More from
Bloomberg
Fixed Income
markets

China’s Central Bank Ready to Tackle ‘Profound’ Economic Changes

China’s Central Bank Ready to Tackle ‘Profound’ Economic Changes

Paulson Says China Needs to Open Economy, U.S. Should Dial Down Rhetoric

China’s central bank said the global outlook is worsening and it’ll tweak its policy, in a sign that trade tensions with the U.S. are hurting the world’s second-largest economy.

“External conditions are undergoing profound changes, downward pressures are increasing, some companies are seeing more difficulties in their operations, risks accumulated over the long term are being exposed,” the People’s Bank of China said in its quarterly monetary-policy report published late Friday. The bank will “preemptively adjust and fine-tune policies according to the changing conditions.”

Key Insights

  • The PBOC vowed to make its policies more “targeted” as well as forward-looking and flexible
  • While sticking to what it calls “prudent and neutral” policy, the PBOC omitted a previous phrase in its policy outlook that had said it was “firmly against flood-like strong stimulus”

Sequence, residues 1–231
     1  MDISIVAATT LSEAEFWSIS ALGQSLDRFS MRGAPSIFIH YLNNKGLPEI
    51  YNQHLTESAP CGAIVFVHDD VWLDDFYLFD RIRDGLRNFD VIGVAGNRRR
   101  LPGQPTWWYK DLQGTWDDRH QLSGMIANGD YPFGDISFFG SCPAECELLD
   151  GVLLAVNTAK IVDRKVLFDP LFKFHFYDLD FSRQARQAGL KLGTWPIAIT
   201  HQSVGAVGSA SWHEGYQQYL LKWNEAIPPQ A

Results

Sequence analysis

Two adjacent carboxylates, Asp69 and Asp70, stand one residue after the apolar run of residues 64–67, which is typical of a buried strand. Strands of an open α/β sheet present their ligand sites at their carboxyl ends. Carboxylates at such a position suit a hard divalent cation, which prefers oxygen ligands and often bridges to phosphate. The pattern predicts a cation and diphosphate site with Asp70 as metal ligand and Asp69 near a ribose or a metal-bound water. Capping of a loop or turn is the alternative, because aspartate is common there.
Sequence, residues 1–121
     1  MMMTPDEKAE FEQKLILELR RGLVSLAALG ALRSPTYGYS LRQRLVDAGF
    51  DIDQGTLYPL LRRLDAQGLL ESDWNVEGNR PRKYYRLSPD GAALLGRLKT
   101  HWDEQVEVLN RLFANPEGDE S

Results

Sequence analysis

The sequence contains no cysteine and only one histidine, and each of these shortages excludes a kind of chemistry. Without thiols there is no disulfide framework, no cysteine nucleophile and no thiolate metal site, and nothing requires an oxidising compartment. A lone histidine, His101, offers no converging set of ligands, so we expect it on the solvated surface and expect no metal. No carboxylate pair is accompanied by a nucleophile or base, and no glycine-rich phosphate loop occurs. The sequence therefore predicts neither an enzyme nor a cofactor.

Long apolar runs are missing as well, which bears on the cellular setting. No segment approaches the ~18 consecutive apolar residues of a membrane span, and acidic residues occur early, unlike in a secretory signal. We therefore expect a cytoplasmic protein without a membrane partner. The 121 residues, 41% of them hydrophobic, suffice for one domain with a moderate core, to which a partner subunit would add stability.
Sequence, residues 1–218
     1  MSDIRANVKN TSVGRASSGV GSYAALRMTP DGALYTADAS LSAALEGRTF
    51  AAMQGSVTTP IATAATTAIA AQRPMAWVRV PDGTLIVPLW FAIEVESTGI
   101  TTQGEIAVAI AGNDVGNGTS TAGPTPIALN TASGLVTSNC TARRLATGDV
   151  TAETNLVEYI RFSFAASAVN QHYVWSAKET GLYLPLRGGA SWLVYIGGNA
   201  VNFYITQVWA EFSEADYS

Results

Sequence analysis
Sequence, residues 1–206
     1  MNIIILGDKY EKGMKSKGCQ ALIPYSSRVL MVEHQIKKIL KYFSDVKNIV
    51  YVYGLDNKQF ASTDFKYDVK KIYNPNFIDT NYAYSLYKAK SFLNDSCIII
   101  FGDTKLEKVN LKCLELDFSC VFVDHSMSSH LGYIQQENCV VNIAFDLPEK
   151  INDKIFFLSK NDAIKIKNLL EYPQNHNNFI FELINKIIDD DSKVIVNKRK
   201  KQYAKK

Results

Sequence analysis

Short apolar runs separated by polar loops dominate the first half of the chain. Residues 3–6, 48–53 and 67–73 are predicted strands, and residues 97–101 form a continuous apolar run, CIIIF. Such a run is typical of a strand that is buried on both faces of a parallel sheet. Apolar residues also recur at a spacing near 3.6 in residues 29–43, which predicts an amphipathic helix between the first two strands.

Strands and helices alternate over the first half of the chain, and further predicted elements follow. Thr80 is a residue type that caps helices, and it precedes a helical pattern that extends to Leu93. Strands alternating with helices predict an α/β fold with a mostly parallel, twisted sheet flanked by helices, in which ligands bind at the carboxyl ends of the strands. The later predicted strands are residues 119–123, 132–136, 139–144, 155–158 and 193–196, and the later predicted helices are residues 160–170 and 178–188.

• The central bank will boost financial institutions’ support to small and micro enterprises, private enterprises
  • The PBOC sees trade frictions leading to relatively big uncertainties for China’s future exports
  • The central bank reiterates that it will firmly curb any increase in “hidden debts”

Get More

  • China’s exports have grown robustly all year, propped up by strong global demand and the difficulty of quickly shifting supply chains even as trade tensions with Washington deepen
  • But the sugar hit may not last. A record 18.3 percent decline in Japan’s core machine orders in September provided evidence Thursday that trade tensions and cooling global demand are already taking a toll on some activity in the region. A continuing drop in car sales in China indicates the domestic economy is weakening too
  • For the full statement (in Chinese), click here

— With assistance by Xiaoqing Pi, Linly Lin, and Yinan Zhao